Part 2 coming next week…



[1] Michael Peterson, Reason and Religious Belief, 156.

2 comments on “The Problem of Evil and the Bible (Part 1)

  1. David McKinney says:

    First, thank you for your post and I am looking forward to the continuation of this discussion. To gain a better understanding of evil in the natural world it would help me if you could clarify the term “natural world”. I am under the assumption it is the world or society that humanity interacts with, but I do not want to frame this incorrectly.

    Secondly, from observation it is not difficult to see evil things happening within humanity. Seeing suffering can bring questions of “whose fault” within the suffering. I am certainly not expecting answers to every situation, because that would almost bring a debate of God’s interaction on a case by case basis. That realm would bring confusion to the categories you brought forth in this blog. These views have proposed questions about God’s control or interaction with a world where evil exists. These views appear to viewed from the human standpoint with expectations on God’s interactions with humanity to resolve the evil without human involvement. One concern I have for the logical view is that there needs to be a measurement of what is more good than evil. To derive that understanding there can almost be a debate for the measurement or determination that the world falls into the situation that there is not more good than evil. I would think that the implausibility is a more difficult to engage. To engage there seems a need to build a logical progression of conclusions using Scripture response rather than an argument based upon societal interaction.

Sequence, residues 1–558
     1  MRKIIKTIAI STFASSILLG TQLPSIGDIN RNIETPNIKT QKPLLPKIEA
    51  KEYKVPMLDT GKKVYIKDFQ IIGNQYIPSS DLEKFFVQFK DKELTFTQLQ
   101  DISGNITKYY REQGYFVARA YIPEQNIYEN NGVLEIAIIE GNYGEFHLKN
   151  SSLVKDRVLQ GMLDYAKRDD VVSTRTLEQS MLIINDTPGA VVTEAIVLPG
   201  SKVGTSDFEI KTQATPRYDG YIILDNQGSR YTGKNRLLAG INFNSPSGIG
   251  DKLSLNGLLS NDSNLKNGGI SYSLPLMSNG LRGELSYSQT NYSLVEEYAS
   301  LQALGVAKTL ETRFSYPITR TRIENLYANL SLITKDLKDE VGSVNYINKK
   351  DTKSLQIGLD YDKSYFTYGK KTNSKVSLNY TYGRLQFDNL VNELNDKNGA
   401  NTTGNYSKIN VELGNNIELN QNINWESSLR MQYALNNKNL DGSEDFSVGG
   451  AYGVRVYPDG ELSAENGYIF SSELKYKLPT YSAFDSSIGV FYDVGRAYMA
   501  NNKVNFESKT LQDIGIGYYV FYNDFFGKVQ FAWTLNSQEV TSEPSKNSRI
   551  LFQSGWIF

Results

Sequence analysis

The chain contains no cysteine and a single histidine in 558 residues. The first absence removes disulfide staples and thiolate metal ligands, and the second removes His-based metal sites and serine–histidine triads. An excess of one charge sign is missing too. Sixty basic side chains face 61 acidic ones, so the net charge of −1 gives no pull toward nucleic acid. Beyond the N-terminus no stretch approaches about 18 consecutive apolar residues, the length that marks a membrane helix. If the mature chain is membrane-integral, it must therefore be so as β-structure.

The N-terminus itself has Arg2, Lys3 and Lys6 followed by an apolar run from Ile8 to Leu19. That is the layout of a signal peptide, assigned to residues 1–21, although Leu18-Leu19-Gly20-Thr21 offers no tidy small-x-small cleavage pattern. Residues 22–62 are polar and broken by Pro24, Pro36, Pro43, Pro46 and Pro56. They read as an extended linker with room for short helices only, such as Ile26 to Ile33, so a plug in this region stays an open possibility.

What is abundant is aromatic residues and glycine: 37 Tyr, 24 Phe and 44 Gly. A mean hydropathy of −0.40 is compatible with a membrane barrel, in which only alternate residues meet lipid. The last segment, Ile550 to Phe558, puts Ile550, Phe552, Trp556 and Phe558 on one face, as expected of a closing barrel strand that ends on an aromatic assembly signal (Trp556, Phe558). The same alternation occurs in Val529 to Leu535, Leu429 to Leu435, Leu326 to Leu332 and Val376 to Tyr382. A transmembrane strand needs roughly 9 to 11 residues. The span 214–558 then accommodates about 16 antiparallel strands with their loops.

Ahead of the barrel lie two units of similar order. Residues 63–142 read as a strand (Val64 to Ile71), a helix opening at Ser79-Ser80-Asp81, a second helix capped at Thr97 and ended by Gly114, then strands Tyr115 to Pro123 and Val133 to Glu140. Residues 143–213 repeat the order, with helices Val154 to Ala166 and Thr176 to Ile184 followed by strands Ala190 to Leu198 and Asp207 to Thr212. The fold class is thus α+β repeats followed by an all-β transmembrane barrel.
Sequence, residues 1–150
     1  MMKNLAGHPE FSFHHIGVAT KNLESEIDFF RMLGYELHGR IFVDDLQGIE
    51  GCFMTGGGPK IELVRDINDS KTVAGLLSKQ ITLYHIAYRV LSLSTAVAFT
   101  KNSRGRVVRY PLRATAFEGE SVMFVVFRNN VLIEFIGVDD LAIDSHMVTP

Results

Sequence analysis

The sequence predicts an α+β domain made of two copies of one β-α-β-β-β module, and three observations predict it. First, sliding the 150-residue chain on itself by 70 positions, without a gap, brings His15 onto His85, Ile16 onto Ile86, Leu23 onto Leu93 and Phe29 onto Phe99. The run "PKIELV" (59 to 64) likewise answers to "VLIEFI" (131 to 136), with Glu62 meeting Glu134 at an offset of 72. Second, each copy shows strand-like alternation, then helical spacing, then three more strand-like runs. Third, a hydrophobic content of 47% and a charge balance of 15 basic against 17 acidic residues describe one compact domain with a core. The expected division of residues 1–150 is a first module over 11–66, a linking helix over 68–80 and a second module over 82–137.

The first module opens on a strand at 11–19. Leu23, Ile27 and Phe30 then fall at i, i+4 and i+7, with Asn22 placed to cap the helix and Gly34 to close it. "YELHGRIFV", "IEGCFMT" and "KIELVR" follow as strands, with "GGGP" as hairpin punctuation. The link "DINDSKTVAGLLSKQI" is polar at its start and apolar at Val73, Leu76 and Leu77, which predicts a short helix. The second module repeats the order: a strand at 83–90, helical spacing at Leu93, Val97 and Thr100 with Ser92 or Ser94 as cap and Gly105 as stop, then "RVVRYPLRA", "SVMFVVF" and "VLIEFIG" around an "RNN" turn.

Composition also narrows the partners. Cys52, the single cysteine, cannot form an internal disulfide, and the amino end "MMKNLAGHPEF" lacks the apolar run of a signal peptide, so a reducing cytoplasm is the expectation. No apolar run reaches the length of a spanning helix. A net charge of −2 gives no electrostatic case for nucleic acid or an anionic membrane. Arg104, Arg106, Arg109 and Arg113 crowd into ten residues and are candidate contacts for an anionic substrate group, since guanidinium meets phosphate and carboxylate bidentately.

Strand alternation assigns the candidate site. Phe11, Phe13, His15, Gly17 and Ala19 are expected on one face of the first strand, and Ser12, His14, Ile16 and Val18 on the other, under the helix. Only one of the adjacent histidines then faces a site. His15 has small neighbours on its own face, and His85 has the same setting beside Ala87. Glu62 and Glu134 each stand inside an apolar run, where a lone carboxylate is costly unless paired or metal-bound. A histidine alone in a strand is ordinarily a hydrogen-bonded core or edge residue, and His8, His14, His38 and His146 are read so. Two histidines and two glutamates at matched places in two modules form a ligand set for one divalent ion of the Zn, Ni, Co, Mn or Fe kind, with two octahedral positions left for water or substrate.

I think this is a valid discussion, especially if evil has impacted your life in any way. I would welcome your thoughts on anything I have stated.

    • Timothy Christian says:

      David,

      Thank you for your comment. By the natural world, I mean the cosmos – the earth, animals, weather, vegetation. Basically everything else in the world that is not humanity. So evil is manifested in humanity by sin, murder, envy, etc; and in the natural world by disease, natural disasters, etc. I hope that helps.

      Also, you are right that the implausibility position is much more difficult to engage. So I am taking on that challenge here in my blog, arguing that the Bible gives a plausible explanation to the problem of evil and that it is more plausible to believe in the God of the Bible who hates evil in the world more than the atheists do, and that he actually has the power to do something about it, and in the end will do something about it, namely, eradicate it from the earth. I look forward to your subsequent comments and feedback. Thanks for following this discussion.

      Timothy